Laura is the editorial director of The American Journal of Managed Care® (AJMC®) and all its brands, including The American Journal of Accountable Care®, Evidence-Based Oncology™, and The Center for Biosimilars®. She has been working on AJMC® since 2014 and has been with AJMC®'s parent company, MJH Life Sciences, since 2011. She has an MA in business and economic reporting from New York University.
Speakers at Patient-Centered Oncology Care® highlighted injustices in the US health care system, the risk of financial toxicity, and how providers can do a better job to ensure their patients achieve health equity, during a panel discussion.
Despite progress in cancer treatments, patients with cancer are still affected by disparities in care, incidence of disease, and outcomes.1 During a panel discussion at the Patient-Centered Oncology Care® 2020 conference, moderated by meeting Cochair Joseph Alvarnas, MD, vice president of government affairs, senior medical director for employer strategy, and clinical professor, City of Hope Comprehensive Cancer Center, and editor-in-chief, Evidence-Based Oncology™, speakers highlighted injustices in the US health care system, the risk of financial toxicity, and how providers can better ensure that patients achieve health equity.
Karen Winkfield, MD, PhD, executive director, Meharry-Vanderbilt Alliance, and Emeline Aviki, MD, MBA, assistant attending, Department of Surgery, Memorial Sloan Kettering Cancer Center (MSKCC), said they were first exposed to disparities as medical students at Duke University and then again when both started working in Boston.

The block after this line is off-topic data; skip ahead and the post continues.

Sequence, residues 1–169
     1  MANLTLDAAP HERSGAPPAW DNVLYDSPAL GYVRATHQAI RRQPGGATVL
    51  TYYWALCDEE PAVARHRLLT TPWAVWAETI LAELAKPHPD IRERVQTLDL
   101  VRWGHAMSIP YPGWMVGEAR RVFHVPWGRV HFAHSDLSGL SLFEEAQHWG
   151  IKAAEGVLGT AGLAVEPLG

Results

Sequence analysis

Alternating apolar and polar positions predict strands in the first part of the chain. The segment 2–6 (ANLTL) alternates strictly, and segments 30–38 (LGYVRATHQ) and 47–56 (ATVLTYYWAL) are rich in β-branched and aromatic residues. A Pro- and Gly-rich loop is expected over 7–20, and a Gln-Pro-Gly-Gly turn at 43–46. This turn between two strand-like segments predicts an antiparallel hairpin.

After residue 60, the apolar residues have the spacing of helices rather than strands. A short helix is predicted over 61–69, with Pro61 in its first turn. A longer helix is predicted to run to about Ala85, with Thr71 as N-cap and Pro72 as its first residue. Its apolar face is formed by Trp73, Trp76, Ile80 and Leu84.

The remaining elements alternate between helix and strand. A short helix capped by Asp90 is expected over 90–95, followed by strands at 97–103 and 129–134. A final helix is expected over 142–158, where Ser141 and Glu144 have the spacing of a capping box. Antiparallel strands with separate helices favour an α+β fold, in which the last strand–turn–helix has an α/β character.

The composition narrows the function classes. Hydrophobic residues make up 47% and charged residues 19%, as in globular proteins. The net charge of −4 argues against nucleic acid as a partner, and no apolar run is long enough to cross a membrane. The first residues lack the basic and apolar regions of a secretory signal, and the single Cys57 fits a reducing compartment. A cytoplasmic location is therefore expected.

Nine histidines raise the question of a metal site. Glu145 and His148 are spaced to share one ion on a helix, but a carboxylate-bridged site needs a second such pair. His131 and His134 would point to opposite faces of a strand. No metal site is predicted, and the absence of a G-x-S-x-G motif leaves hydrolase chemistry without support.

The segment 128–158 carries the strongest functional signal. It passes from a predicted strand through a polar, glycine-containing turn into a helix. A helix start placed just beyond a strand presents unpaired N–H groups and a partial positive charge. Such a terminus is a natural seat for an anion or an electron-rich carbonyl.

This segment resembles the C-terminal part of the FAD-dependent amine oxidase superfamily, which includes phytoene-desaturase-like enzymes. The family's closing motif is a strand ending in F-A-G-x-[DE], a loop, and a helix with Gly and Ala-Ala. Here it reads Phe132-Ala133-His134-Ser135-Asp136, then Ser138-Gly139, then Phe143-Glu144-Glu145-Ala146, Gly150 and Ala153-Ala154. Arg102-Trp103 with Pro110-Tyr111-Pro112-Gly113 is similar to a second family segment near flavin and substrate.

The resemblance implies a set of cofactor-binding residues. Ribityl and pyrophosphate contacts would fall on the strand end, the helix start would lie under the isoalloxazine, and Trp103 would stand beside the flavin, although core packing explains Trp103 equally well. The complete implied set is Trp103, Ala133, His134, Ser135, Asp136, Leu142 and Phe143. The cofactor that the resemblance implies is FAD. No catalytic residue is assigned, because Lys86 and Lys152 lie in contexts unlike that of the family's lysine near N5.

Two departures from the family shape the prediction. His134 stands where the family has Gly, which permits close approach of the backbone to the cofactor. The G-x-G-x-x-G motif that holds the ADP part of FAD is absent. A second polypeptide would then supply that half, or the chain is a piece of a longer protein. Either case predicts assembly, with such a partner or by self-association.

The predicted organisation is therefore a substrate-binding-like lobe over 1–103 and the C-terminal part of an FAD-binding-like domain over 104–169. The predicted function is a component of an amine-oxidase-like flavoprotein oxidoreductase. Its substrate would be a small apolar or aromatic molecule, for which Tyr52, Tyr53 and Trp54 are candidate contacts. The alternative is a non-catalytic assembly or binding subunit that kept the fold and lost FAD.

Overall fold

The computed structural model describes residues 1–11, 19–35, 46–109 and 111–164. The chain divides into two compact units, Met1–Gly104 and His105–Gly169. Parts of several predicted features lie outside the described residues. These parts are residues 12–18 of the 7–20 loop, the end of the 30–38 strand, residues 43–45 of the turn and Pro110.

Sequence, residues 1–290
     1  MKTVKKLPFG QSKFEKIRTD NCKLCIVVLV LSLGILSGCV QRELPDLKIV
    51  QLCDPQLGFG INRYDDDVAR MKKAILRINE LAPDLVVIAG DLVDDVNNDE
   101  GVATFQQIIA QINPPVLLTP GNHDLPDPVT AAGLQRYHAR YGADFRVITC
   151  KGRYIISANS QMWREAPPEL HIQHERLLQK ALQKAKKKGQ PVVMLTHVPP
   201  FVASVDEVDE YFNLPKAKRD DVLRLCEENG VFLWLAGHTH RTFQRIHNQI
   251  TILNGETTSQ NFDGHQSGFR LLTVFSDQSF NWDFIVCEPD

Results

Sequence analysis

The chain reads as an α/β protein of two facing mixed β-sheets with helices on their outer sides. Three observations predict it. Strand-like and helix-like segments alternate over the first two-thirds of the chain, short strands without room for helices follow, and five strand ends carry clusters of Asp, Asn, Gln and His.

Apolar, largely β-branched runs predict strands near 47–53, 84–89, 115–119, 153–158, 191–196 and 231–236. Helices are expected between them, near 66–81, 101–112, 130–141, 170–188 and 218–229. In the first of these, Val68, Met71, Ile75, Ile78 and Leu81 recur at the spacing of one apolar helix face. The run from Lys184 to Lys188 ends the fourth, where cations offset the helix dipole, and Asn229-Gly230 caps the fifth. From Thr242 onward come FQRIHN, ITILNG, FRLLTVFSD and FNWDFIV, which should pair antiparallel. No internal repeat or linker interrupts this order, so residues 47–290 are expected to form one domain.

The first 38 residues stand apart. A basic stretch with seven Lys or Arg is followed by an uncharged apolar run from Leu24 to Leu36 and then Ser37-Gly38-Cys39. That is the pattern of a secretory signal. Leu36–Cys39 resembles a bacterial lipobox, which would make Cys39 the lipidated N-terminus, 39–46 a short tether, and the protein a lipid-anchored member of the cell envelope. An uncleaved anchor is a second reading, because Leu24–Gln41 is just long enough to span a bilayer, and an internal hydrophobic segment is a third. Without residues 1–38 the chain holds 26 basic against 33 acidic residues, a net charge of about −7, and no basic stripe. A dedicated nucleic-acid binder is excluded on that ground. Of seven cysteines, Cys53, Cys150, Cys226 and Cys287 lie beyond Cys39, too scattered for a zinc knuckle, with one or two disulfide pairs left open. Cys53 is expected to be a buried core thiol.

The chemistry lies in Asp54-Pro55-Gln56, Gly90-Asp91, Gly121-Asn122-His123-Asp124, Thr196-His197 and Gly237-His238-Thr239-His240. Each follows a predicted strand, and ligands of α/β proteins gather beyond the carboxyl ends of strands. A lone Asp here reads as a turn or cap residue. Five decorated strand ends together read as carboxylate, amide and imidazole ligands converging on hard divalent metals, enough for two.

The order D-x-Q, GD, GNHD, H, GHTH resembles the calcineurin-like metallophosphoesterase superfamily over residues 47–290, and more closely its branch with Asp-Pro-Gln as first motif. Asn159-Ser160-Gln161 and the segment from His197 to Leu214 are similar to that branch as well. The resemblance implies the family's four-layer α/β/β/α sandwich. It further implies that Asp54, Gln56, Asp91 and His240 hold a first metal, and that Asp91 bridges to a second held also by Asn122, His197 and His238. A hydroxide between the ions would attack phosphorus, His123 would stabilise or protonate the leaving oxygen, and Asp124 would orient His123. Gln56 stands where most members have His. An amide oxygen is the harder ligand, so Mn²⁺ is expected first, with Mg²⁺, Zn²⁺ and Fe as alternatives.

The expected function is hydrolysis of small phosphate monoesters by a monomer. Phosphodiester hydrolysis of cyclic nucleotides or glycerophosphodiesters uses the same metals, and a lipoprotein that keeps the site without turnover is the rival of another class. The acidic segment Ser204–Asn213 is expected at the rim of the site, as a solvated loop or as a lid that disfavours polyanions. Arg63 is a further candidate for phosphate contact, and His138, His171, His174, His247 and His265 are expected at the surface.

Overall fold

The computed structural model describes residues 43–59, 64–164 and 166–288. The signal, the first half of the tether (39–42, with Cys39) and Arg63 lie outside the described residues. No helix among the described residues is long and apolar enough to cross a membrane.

Medical students often went into rural or Black communities to try improving access to care, but Boston had universal health care coverage before passage of the Affordable Care Act. It was there that stark differences in access to care despite insurance coverage became apparent, Winkfield said.
“It started me on this pathway to understand what some of the other barriers were,” she said. “What are some of the issues that patients are experiencing with respect to their access to care, their inability, perhaps, to access care?”
Winkfield changed career paths from biochemistry to a focus on community engagement research, which she viewed as crucial to finding information that would “revolutionize” how health care engaged with communities.
Aviki had a slightly different path. During medical school, she also got her MBA, and through her research on alternative payment models and value-based care, she came to realize that the payment models focused on the finances for payers and providers but “left the patients out of the whole equation.” She began to do work on financial toxicity, a term describing the financial burden from direct and indirect health care costs on patients that can increase psychosocial distress and adversely affect patient outcomes and quality of life.
At MSKCC, Aviki serves on an affordability task force that attempts to improve awareness of patients who might be at risk of financial toxicity and to “educate providers and patients with respect to early signs of toxicity and how we can empower providers to attack that toxicity before it ever occurs.”